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  1. Free, publicly-accessible full text available January 1, 2024
  2. Abstract

    Due to a warming climate, mangrove populations within the Gulf of Mexico and along the Florida Atlantic coastline are expanding their range poleward. As mangroves expand their range limit, leading edge individuals are more likely to experience an increased incidence of freeze events. However, we still lack a clear understanding of the mechanisms used by mangroves to survive freezing conditions.

    Here, we conducted common garden experiments at different locations experiencing variable winter freeze conditions to show glycine betaine, an organic osmolyte, increases significantly with freeze exposure, playing an important role in the freeze tolerance ofAvicennia germinans, a widespread Neotropical mangrove.

    We found glycine betaine accumulation was similar across all source populations and freeze exposure locations, suggesting glycine betaine is not a range limit adaptation and is instead used for freeze tolerance byA. germinansirrespective of source population. Plants sourced from populations that experience freezing conditions exhibited greater rates of survival, indicating range edge populations ofA. germinanshave other heritable adaptations in addition to glycine betaine for freeze tolerance.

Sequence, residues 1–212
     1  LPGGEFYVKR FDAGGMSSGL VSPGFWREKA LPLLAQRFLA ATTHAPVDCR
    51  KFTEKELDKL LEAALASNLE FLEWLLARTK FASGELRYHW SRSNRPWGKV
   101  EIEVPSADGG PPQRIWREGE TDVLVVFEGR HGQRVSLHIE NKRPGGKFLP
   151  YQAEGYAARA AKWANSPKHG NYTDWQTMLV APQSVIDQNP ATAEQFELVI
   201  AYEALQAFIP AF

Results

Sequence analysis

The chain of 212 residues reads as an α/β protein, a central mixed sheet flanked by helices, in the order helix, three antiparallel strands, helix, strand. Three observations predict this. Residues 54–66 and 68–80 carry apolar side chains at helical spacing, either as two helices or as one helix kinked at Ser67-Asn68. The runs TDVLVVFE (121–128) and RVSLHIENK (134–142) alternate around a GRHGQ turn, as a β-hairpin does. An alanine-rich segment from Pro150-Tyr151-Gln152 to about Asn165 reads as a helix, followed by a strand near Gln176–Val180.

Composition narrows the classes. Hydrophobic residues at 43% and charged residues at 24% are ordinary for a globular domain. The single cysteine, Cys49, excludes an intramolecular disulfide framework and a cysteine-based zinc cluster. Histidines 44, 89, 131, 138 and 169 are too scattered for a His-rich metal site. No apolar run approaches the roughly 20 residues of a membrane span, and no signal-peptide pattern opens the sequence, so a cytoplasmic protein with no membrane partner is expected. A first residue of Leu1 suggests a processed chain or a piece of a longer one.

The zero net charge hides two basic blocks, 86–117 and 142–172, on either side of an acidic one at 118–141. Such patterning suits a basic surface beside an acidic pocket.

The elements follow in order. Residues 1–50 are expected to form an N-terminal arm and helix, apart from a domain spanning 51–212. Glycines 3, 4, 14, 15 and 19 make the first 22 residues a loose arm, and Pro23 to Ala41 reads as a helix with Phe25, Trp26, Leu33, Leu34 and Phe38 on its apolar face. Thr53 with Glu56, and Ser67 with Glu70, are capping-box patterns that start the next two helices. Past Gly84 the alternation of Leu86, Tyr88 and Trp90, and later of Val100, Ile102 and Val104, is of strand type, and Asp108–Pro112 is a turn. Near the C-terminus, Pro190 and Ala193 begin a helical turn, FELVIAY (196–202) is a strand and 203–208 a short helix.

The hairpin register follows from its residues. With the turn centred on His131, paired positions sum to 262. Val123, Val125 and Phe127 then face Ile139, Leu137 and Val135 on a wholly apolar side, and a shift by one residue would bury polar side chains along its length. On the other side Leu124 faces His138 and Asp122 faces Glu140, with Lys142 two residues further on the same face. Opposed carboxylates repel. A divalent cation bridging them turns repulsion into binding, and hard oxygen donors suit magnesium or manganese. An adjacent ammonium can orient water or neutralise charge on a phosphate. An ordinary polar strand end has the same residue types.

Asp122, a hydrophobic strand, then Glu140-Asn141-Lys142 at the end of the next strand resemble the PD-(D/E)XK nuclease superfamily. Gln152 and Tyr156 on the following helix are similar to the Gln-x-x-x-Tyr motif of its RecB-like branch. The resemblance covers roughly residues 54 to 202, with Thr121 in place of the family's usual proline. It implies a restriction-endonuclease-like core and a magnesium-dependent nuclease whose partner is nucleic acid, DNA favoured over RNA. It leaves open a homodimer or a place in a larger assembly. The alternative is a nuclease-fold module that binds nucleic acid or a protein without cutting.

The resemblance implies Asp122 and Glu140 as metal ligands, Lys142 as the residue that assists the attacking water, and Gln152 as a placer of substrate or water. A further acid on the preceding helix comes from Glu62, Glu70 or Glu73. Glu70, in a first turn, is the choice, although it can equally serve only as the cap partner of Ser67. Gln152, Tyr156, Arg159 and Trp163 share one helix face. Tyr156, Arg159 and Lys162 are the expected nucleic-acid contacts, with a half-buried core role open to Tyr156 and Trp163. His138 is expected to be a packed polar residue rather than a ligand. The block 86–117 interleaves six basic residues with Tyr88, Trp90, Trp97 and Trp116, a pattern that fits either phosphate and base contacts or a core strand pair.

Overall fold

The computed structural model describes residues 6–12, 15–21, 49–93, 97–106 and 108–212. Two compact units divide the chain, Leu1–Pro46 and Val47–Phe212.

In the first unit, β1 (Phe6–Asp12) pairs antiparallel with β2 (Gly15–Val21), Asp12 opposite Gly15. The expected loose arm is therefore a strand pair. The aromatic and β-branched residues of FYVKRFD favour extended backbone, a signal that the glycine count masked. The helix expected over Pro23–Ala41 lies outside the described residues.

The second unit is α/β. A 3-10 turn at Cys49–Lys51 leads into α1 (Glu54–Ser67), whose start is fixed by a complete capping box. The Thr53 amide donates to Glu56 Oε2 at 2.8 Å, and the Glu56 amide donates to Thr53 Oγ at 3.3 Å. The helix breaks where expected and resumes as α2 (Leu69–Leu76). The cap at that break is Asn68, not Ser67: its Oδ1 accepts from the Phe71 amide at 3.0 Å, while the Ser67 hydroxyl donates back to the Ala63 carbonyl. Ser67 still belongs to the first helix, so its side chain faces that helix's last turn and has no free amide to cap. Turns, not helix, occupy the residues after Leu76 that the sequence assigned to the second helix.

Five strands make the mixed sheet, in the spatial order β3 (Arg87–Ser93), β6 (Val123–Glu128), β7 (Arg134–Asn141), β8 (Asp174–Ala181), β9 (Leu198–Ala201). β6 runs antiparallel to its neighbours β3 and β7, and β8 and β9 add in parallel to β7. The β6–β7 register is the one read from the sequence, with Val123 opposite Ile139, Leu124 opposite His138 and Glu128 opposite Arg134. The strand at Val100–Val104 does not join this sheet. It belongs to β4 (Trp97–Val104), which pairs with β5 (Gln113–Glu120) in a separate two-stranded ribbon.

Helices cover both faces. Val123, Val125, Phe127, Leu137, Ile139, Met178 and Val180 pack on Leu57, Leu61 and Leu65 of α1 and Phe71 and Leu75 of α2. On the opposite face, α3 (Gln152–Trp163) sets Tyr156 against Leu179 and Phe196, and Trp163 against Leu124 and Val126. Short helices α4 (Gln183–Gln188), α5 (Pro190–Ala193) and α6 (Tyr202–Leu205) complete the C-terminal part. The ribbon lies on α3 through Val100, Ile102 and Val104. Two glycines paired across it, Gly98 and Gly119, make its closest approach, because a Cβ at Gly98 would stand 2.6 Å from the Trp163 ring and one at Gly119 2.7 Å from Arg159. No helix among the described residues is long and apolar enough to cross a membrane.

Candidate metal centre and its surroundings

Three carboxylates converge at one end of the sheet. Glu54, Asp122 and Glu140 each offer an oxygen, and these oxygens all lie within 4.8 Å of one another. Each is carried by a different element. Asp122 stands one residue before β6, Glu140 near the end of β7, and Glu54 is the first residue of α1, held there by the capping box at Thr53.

Synthesis. Continued mangrove expansion poleward will result in a greater incidence of freeze events for individuals at the leading edge. Our findings suggest freeze tolerance in this species may be genetically based and that leading edgeA. germinanshave the potential to survive extreme freeze events and recover post‐freeze, allowing for their continued expansion poleward. This process of selective survival may act to promote adaptation of freeze tolerance in range edge populations.

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  3. Abstract

    While molecular visualization has been recognized as a threshold concept in biology education, the explicit assessment of students' visual literacy skills is rare. To facilitate the evaluation of this fundamental ability, a series of NSF‐IUSE‐sponsored workshops brought together a community of faculty engaged in creating instruments to assess students' biomolecular visualization skills. These efforts expanded our earlier work in which we created a rubric describing overarching themes, learning goals, and learning objectives that address student progress toward biomolecular visual literacy. Here, the BioMolViz Steering Committee ( documents the results of those workshops and uses social network analysis to examine the growth of a community of practice. We also share many of the lessons we learned as our workshops evolved, as they may be instructive to other members of the scientific community as they organize workshops of their own.

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